[Chick] Teaching Monkey the Birds and the Bees | Jackson Free Press | Jackson, MS

[Chick] Teaching Monkey the Birds and the Bees

Eight years into it, and I'm still allowed to be a mother. I can't believe it. What kind of decision-maker approves me as a fit mother? Oh, that's right. God. God gave me this child. I'm sure this is when someone should throw the "God has a sense of humor" cliche' into the situation. "Dear God, can I please, please, please complete a thought today without interruption? Yes, I'm thankful for Monkey and all, but I really think I was supposed to get a quieter one. I mean all my life, I had said that I would have a better behaved child than everyone else. Remember?

"Oh. Yes. Humility. Thanks. I've learned that lesson and then some. You do remember the sex lesson in Kroger, right? I was humiliated. I promise. Lesson learned."

Yes, Rankin County, my Monkey is the one telling your kids about sex at school, but don't worry. He has it all confused, so he's not telling them anything factual. I'm that mother. Oh yes I am. He asks; I cough up an answer. Even if the answer is, "I don't know, but let's find out." I vowed to remain honest to the child from "Why is the grass green?" (chlorophyl) to "How exactly are you and daddy going to go about getting me a baby brother?" (immaculate conception).

This child began the brother interrogation at 6. He wanted a brother, he wanted one quick, and he wanted to know how to make that happen. I told him, very delicately, that a Mommy and a Daddy know how to make a baby. He was satisfied with that answer for that particular moment.

Then on one hot summer day, he announced oh so candidly, "Mommy! That lady by the pool has on a swimsuit like yours, but she has a baby in her belly, and you don't!" Oh, yes. He most certainly did. If inappropriate comments at the YMCA are not birth control, I don't know what is.

So I told him, again very delicately, about the sperm and the egg and the birds and the bees. I chose the biggest, most scientific words I could remember from biology, and he was quite satisfied with that answer for that particular moment. We continued our summer on a low-carb diet without a baby brother.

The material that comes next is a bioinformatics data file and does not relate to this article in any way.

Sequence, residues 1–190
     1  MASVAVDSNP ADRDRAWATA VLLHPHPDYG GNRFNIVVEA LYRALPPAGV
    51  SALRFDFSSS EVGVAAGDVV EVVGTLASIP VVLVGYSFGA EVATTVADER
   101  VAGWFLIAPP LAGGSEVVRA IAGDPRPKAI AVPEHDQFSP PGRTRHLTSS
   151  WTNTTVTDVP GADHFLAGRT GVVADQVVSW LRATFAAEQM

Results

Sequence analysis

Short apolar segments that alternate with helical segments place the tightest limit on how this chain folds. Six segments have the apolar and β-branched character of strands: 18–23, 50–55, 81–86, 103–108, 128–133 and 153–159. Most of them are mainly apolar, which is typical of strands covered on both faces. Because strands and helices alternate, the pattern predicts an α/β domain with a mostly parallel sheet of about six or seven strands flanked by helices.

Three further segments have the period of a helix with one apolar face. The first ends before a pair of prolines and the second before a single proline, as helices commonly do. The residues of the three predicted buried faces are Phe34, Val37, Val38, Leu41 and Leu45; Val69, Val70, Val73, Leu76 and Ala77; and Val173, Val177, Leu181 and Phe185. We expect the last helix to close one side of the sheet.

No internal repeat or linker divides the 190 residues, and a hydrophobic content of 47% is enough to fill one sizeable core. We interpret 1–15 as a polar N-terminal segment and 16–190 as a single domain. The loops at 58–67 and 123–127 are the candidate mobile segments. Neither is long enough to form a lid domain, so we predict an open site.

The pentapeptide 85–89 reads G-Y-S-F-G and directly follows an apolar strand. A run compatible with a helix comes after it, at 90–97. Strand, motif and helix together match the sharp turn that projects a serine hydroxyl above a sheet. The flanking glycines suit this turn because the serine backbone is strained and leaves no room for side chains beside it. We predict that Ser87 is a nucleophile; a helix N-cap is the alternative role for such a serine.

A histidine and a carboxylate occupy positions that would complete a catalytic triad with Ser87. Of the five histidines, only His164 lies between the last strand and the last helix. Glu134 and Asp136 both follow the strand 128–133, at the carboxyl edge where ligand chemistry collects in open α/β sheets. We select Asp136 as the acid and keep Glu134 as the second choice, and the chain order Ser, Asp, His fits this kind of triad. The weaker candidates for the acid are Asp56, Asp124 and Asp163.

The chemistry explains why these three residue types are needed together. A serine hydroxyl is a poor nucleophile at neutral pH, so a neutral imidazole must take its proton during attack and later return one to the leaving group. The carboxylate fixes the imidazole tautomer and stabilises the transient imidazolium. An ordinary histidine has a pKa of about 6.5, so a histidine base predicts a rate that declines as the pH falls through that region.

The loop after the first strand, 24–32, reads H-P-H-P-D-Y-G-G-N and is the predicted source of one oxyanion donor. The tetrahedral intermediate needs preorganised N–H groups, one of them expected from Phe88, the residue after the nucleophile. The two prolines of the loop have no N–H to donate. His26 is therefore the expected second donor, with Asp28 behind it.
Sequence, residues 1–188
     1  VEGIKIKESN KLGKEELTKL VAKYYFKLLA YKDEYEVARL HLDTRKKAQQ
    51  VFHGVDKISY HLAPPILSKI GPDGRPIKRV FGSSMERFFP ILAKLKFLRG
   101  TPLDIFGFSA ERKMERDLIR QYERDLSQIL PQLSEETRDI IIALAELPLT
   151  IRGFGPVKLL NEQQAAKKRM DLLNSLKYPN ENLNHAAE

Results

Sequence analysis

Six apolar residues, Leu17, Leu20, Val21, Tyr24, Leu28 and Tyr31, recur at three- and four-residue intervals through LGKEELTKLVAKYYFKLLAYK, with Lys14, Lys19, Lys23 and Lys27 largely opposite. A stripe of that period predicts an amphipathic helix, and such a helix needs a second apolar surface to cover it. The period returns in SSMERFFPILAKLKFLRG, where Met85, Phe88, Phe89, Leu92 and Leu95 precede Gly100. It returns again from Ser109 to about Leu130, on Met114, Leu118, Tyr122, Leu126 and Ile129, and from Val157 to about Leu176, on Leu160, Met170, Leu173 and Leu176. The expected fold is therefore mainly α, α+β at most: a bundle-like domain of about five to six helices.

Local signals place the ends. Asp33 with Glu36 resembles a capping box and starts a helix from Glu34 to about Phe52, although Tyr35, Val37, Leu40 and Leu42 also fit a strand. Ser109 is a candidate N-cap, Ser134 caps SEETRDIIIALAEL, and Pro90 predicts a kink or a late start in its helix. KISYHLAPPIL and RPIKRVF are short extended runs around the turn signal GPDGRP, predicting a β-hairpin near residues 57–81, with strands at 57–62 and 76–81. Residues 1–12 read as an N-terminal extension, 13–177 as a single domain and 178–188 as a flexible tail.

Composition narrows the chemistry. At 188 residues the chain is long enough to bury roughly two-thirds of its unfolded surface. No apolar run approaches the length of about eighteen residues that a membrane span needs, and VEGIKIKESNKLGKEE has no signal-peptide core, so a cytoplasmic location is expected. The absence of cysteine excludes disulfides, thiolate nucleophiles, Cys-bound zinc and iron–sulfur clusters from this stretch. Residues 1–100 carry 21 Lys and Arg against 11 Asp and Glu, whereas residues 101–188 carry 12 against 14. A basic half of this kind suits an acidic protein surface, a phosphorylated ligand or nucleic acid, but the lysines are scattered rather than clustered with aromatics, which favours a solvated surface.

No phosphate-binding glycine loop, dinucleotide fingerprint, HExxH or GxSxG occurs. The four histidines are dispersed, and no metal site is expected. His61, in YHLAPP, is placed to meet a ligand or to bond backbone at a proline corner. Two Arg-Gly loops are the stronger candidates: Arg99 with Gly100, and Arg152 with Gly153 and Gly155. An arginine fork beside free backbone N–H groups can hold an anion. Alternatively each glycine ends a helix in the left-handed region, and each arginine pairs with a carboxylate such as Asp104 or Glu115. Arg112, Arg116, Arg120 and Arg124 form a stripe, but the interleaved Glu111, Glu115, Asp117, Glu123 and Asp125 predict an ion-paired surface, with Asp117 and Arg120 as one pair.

Monkey may lack social skills, but he is quite meticulous with his research, and I knew this brother dilemma had not been properly extinguished. Finally, and I kid you not, on the dog-food aisle of the grocery store, his synapses finally connect jjuuussst right, and he presents his case: "Mommy. I understand that the Mommy and the Daddy make the baby. I understand the baby comes from the Mommy's belly. I understand that you've got to get some eggs. But exactly how does the sperm get inside the vagina?"

Damn. I knew I was going to have to say the word. I knew I might have to say several words, including, but not limited to, penis, ovulation and gestation. However, I was truly hoping that the actual logistics of baby-making could be avoided until a later, more mature, age. In fact, I was hoping he would learn about intercourse from Judy Blume books like everyone else. But I'd made a promise to be honest, so I said it.

"Sex." I whispered. Then without a single breath, with the widest those blue eyes have ever expanded, he replies, "I knew it!" That's it. No more questions. Just, "I knew it!" That, my fellow mothers, was two years ago, and has sustained his curiosity to this day and is exactly why you should not worry about what he's telling your children. In fact, I'm worried about what your children are telling him. Up until that day, he was convinced that coed swimming could lead to pregnancy.

So I call BS on the idea that this mother gig gets easier as they grow up. He sleeps less than when he was an infant, he eats more than when he was an infant, and he can form opinions that are frequent and loud and shameless. He says things like, "Mommy, you are beautiful." Then he counters the statement a few days later with, "You are the worst mother in the world!" I can't imagine having more than this one, so it's a good thing I've stayed out of the swimming pool.

But we mothers always find some redemption in the journey. As I'm writing at this very moment, I've noticed some kid-looking penmanship in my journal.

"Once upon a time there was a mom that needed to laern to write the rite way. But she new how to spell. This is what she writes like..." (sic, of course) And the kid has replicated my serial-killer handwriting worthy of criminal investigation. I suppose I should enjoy the noise while I can and save the silence for later.

I hear you loud and clear, God.

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